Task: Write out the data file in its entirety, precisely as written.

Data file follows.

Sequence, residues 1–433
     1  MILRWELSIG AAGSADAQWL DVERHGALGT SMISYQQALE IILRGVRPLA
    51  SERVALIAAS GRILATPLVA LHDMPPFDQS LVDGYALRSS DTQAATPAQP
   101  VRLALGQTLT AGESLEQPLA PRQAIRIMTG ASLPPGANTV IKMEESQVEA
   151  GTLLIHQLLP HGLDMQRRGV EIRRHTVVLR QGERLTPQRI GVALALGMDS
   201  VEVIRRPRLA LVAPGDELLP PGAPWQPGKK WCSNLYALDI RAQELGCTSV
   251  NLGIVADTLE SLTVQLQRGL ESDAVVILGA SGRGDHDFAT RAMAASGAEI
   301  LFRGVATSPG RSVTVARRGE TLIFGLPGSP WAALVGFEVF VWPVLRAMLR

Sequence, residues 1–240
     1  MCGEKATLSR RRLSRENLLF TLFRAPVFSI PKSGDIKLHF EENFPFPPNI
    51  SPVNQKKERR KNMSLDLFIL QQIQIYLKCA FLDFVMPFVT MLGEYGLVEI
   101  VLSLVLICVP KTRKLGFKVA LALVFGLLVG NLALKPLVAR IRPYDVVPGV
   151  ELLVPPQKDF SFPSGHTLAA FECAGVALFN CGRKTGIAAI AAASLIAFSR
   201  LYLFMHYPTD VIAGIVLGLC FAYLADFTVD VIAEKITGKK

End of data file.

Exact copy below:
Sequence, residues 1–433
     1  MILRWELSIG AAGSADAQWL DVERHGALGT SMISYQQALE IILRGVRPLA
    51  SERVALIAAS GRILATPLVA LHDMPPFDQS LVDGYALRSS DTQAATPAQP
   101  VRLALGQTLT AGESLEQPLA PRQAIRIMTG ASLPPGANTV IKMEESQVEA
   151  GTLLIHQLLP HGLDMQRRGV EIRRHTVVLR QGERLTPQRI GVALALGMDS
   201  VEVIRRPRLA LVAPGDELLP PGAPWQPGKK WCSNLYALDI RAQELGCTSV
   251  NLGIVADTLE SLTVQLQRGL ESDAVVILGA SGRGDHDFAT RAMAASGAEI
   301  LFRGVATSPG RSVTVARRGE TLIFGLPGSP WAALVGFEVF VWPVLRAMLR

Sequence, residues 1–240
     1  MCGEKATLSR RRLSRENLLF TLFRAPVFSI PKSGDIKLHF EENFPFPPNI
    51  SPVNQKKERR KNMSLDLFIL QQIQIYLKCA FLDFVMPFVT MLGEYGLVEI
   101  VLSLVLICVP KTRKLGFKVA LALVFGLLVG NLALKPLVAR IRPYDVVPGV
   151  ELLVPPQKDF SFPSGHTLAA FECAGVALFN CGRKTGIAAI AAASLIAFSR
   201  LYLFMHYPTD VIAGIVLGLC FAYLADFTVD VIAEKITGKK